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Copyright Brian J. Kirby. With questions, contact Prof. Kirby here. This material may not be distributed without the author's consent. When linking to these pages, please use the URL http://www.kirbyresearch.com/textbook.

This web posting is a draft, abridged version of the Cambridge University Press text. Follow the links to buy at Cambridge or Amazon or Powell's or Barnes and Noble. Contact Prof. Kirby here. Click here for the most recent version of the errata for the print version.

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Jump To: [Kinematics] [Couette/Poiseuille Flow] [Fluid Circuits] [Mixing] [Electrodynamics] [Electroosmosis] [Potential Flow] [Stokes Flow] [Debye Layer] [Zeta Potential] [Species Transport] [Separations] [Particle Electrophoresis] [DNA] [Nanofluidics] [Induced-Charge Effects] [DEP] [Solution Chemistry]

12.3 Microchip electrophoresis: motivation and experimental issues [microchip separations top]

Microchips are used for electrophoretic separations for a number of reasons, some of which are:

  1. Small amounts of fluid can be analyzed in small devices.
  2. Large electric fields can be used, both because the lengths are small and because microchips dissipateJoule heating better than capillaries.
  3. Techniques for injecting a sample bolus to create the initial condition (so far taken for granted) are more sophisticated in microfluidic devices.
  4. long pathlength separation channels can be compactly folded in microfluidic devices (if you know some tricks).

Some of these are discussed in the following sections.

12.3.1 Thermal dissipation

Thermal dissipation in microchips is typically good, simply because the microchip has a larger thermal mass than a capillary. Glass and silicon are relatively good conductors; polymers tend to be poor.

12.3.2 Compact, folded, long-pathlength channels

The separation resolution of an analyte band increases with 12; thus, the best separations occur over a long distance. One advantage of microchannels is the ease with which long microchannels can be designed with small footprint. For example, a channel that is 20 μm-wide and over 1 m long can be fabricated in a 1 cm×1cm footprint. The fabrication of such a channel takes no more time or money than to create a shorter channel.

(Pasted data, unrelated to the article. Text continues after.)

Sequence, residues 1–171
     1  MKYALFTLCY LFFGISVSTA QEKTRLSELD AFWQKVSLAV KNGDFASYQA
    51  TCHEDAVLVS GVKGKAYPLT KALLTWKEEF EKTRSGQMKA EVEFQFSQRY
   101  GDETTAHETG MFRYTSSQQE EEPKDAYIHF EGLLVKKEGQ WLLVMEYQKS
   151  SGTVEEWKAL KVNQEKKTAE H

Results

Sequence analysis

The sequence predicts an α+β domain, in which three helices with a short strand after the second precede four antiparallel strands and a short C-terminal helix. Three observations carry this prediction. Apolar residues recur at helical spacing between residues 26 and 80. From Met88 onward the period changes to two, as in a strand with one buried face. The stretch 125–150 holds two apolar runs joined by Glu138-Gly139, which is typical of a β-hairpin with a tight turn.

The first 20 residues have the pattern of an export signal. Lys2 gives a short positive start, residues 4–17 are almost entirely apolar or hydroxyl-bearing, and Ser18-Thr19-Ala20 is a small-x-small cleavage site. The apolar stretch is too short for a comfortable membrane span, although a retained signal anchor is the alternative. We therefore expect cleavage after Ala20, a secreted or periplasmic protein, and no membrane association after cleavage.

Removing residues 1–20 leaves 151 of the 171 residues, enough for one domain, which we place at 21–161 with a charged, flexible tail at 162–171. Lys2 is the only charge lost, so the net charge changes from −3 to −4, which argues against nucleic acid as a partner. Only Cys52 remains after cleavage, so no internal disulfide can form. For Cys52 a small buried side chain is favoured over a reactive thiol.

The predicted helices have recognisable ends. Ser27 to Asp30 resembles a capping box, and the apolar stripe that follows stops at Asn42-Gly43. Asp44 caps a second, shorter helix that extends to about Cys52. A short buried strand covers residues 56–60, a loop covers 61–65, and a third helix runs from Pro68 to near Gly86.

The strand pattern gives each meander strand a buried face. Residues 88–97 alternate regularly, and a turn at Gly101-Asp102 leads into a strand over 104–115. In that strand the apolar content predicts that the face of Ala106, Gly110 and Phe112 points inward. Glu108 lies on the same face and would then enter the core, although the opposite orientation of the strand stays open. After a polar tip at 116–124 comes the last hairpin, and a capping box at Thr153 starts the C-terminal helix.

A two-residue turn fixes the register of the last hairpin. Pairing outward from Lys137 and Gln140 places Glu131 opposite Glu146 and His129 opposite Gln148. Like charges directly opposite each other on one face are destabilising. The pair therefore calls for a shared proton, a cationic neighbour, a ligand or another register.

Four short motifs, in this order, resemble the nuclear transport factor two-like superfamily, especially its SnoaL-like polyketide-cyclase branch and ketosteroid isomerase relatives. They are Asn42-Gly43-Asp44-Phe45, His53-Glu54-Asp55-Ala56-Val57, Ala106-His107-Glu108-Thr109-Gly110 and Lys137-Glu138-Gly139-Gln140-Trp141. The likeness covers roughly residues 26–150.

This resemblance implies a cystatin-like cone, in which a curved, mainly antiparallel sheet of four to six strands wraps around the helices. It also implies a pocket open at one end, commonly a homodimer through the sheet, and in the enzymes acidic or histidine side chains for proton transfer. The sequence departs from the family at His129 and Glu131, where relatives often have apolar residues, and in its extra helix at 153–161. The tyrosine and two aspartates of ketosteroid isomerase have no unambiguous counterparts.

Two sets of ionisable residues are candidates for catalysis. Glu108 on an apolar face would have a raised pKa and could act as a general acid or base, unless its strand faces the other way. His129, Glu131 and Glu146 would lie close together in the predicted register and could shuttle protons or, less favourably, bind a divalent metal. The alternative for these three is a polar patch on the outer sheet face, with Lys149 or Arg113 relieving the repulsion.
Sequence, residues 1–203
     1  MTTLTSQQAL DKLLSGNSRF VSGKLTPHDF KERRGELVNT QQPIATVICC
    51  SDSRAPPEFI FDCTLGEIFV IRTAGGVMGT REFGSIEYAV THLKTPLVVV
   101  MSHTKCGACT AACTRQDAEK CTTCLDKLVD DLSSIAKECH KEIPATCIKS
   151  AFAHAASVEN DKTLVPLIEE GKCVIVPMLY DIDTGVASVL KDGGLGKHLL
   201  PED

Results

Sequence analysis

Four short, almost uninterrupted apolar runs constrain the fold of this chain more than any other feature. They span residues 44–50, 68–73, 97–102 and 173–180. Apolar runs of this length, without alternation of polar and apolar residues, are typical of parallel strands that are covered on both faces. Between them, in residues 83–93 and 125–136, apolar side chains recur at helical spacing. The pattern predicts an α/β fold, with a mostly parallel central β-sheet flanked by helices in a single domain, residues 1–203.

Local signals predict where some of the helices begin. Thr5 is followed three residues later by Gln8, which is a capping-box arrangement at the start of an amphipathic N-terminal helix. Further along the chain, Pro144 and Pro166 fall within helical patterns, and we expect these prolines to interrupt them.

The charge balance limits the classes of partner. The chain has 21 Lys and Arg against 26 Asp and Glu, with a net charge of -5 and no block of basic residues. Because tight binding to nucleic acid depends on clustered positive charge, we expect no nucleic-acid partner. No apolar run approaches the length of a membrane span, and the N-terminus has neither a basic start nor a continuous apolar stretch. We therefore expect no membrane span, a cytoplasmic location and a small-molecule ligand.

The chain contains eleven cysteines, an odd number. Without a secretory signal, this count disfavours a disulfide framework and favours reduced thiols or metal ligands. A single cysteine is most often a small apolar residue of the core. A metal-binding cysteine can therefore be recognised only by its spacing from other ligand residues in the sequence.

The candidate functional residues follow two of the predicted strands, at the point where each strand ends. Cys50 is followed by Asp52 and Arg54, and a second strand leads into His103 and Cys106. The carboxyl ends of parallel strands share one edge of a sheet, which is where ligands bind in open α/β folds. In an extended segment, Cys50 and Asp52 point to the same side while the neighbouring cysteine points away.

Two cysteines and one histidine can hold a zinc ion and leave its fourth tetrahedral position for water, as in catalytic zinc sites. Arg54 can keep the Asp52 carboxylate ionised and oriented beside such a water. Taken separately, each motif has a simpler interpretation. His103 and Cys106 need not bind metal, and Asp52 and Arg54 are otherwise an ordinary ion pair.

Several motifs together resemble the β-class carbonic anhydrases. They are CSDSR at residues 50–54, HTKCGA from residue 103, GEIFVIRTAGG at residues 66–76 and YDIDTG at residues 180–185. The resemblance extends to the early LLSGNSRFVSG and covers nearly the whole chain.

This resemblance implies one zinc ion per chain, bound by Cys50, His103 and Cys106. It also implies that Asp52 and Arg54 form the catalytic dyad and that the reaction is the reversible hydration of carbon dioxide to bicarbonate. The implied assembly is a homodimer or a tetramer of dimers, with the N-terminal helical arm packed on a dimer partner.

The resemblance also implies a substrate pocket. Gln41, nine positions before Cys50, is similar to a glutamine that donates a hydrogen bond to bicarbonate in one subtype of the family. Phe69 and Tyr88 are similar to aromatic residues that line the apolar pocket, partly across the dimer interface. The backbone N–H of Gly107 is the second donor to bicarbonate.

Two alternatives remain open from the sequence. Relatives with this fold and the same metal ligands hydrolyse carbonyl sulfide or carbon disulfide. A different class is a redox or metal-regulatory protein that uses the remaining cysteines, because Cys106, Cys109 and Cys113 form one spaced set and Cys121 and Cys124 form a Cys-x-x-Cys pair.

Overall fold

This is a compelling advantage, but one that only can succeed through design oflow-dispersion turns with special geometries (see Section 12.4.2).

Related work on chemical separations from our research group can be found here.

[Return to Table of Contents]



Jump To: [Kinematics] [Couette/Poiseuille Flow] [Fluid Circuits] [Mixing] [Electrodynamics] [Electroosmosis] [Potential Flow] [Stokes Flow] [Debye Layer] [Zeta Potential] [Species Transport] [Separations] [Particle Electrophoresis] [DNA] [Nanofluidics] [Induced-Charge Effects] [DEP] [Solution Chemistry]

Copyright Brian J. Kirby. Please contact Prof. Kirby here with questions or corrections. This material may not be distributed without the author's consent. When linking to these pages, please use the URL http://www.kirbyresearch.com/textbook.

This web posting is a draft, abridged version of the Cambridge University Press text. Follow the links to buy at Cambridge or Amazon or Powell's or Barnes and Noble. Contact Prof. Kirby here. Click here for the most recent version of the errata for the print version.


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